There is a sense when you meet John Carroll that you are in the presence of one of the last of a dying breed. He has the kind of presence in a room that one thinks JFK or FDR must have had in their time. He has an inherent celebrity about him and an undercurrent of integrity surrounds his personality. Try Googling him and you will not find much, but he holds almost a legendary status in the annals of modern journalism-at least to those who know who he is.
Carroll has a great deal of bragging rights and achievements, although you can’t imagine he would ever brag about them. After graduating from Haverford College in 1963, he spent almost his entire career writing and editing for newspapers in Philadelphia, Baltimore, and Lexington, Ky, before accepting a job as editor of the Los Angeles Times. He won 13 Pulitzer prizes while at the Times, including five in 2004. Retired, he now serves on the selection committee for the Pulitzer Prize and is the Knight Visiting Lecturer at Harvard’s Kennedy School of Government.
“We are in a period of creative destruction,” in print journalism, Carroll says as he scans the audience for young faces at a recent panel at his alma mater. He goes on to say that we, as Americans, no longer get the majority of our information from sources that genuinely care about the communities, people, and events they are covering. What dominates the news industry now, he says, is marketing, public relations, and money. Carroll explains that, “there was this wonderful time,” when there were rules that strictly governed and protected journalistic integrity and accuracy, and rewarded original and innovative important journalism. These rules have taken a backseat to sensationalism and content with mass appeal, especially in regards to network and cable news, Carroll says.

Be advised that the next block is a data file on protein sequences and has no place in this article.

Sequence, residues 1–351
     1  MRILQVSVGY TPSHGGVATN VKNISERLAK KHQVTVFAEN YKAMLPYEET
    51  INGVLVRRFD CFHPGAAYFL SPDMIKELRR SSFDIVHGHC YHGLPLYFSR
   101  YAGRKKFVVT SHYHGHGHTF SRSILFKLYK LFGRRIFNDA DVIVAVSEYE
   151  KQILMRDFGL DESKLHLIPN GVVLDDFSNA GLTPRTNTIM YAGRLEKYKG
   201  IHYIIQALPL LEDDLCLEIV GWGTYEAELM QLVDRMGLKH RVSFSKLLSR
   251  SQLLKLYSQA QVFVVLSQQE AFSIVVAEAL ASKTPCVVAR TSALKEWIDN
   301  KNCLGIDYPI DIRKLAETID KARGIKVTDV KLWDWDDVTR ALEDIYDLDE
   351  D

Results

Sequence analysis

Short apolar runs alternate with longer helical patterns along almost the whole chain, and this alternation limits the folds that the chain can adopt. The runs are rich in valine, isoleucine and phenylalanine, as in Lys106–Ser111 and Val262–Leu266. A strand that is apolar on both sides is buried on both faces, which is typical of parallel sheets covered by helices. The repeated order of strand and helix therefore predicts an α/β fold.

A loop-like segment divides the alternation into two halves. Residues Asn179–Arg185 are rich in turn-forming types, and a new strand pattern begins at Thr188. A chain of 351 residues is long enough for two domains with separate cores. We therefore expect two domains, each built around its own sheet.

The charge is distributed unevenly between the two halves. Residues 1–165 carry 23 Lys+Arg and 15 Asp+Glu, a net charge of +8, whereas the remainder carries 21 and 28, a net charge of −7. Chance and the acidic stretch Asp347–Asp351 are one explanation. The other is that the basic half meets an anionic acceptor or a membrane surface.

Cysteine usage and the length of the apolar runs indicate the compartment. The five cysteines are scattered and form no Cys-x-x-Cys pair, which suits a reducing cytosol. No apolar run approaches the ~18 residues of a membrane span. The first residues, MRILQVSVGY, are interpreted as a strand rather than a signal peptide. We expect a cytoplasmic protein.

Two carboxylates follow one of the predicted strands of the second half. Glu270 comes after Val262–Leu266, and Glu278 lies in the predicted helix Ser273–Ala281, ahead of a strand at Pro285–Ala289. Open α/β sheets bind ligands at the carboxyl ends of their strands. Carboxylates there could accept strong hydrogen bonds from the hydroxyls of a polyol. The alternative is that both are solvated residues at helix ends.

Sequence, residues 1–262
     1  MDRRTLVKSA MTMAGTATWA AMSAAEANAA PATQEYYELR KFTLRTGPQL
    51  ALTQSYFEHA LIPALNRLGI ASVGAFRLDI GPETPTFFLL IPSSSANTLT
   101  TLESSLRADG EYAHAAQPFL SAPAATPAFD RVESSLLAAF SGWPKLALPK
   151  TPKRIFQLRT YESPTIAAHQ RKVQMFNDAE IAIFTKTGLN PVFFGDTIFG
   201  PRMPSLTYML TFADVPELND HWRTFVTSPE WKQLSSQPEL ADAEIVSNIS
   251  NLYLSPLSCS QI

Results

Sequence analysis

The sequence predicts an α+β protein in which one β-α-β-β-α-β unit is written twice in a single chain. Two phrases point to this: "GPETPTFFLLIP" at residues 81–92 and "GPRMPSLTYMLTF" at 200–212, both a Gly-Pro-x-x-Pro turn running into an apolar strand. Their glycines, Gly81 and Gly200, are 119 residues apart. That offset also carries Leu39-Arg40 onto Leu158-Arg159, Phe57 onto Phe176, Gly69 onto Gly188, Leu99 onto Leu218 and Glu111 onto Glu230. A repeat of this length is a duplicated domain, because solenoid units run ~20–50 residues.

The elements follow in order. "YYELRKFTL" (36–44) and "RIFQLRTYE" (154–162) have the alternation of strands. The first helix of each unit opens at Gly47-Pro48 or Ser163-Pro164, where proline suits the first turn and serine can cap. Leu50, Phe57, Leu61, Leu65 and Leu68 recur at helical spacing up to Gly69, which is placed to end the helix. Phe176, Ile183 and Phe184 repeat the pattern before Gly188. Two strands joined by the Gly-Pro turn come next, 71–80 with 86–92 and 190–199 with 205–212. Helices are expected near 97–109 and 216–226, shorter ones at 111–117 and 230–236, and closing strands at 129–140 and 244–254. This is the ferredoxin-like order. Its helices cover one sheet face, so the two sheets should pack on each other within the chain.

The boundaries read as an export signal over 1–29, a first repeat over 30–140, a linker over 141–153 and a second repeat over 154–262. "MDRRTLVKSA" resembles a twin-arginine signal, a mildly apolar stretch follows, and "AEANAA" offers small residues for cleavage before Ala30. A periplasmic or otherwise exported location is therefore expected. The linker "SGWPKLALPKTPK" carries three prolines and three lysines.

“Newspapers do reporting,” Carroll says simply. “They have more reporters.” He says 85% of all news stories that appear on television originate at a newspaper before they are picked up by television. “If enough newspapers go out of business, there goes that 85% of our news.” What will be left over, says Carroll, will be stories on, “Laci Peterson and Britney Spears.”
Carroll describes himself as a reluctant pessimist. As much as he would love to be proven wrong, the reality, as he sees it, is there are two problems facing the future of print journalism: public ownership, and the internet. “The former problem has weakened efforts to compete with the latter.” A newspaper that is publicly owned is traded on Wall Street and available for anyone to buy, as opposed to being privately owned, usually by the company’s founders. Carroll says newspapers that are publicly owned, “worry about Wall Street analysts,” when they should be worrying about the news, and that ownership of papers has been left in the hands of large funds like Blackstone that are in pursuit of raw power over their publications. In essence, “ownership has been stripped of all responsibility,” says Carroll.
Carroll also worries whether newspapers will be able to change rapidly enough to compete with the Internet. He believes that regardless, “markets will provide what is needed.” The question will be how prominently print newspapers will fit into those new markets.